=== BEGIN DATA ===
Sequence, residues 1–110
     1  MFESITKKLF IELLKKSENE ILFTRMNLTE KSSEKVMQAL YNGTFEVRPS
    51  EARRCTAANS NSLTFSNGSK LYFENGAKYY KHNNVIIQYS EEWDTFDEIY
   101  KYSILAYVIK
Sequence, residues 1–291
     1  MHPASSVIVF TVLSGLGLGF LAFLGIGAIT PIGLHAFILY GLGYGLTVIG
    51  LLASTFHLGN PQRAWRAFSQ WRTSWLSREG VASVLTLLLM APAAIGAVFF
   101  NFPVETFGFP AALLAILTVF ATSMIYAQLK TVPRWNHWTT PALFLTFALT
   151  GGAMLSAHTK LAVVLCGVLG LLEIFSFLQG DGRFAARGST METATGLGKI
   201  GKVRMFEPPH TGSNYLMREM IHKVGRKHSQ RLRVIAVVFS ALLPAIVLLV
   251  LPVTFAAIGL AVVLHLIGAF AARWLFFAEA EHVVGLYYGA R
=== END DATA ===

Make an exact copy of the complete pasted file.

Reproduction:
Sequence, residues 1–110
     1  MFESITKKLF IELLKKSENE ILFTRMNLTE KSSEKVMQAL YNGTFEVRPS
    51  EARRCTAANS NSLTFSNGSK LYFENGAKYY KHNNVIIQYS EEWDTFDEIY
   101  KYSILAYVIK
Sequence, residues 1–291
     1  MHPASSVIVF TVLSGLGLGF LAFLGIGAIT PIGLHAFILY GLGYGLTVIG
    51  LLASTFHLGN PQRAWRAFSQ WRTSWLSREG VASVLTLLLM APAAIGAVFF
   101  NFPVETFGFP AALLAILTVF ATSMIYAQLK TVPRWNHWTT PALFLTFALT
   151  GGAMLSAHTK LAVVLCGVLG LLEIFSFLQG DGRFAARGST METATGLGKI
   201  GKVRMFEPPH TGSNYLMREM IHKVGRKHSQ RLRVIAVVFS ALLPAIVLLV
   251  LPVTFAAIGL AVVLHLIGAF AARWLFFAEA EHVVGLYYGA R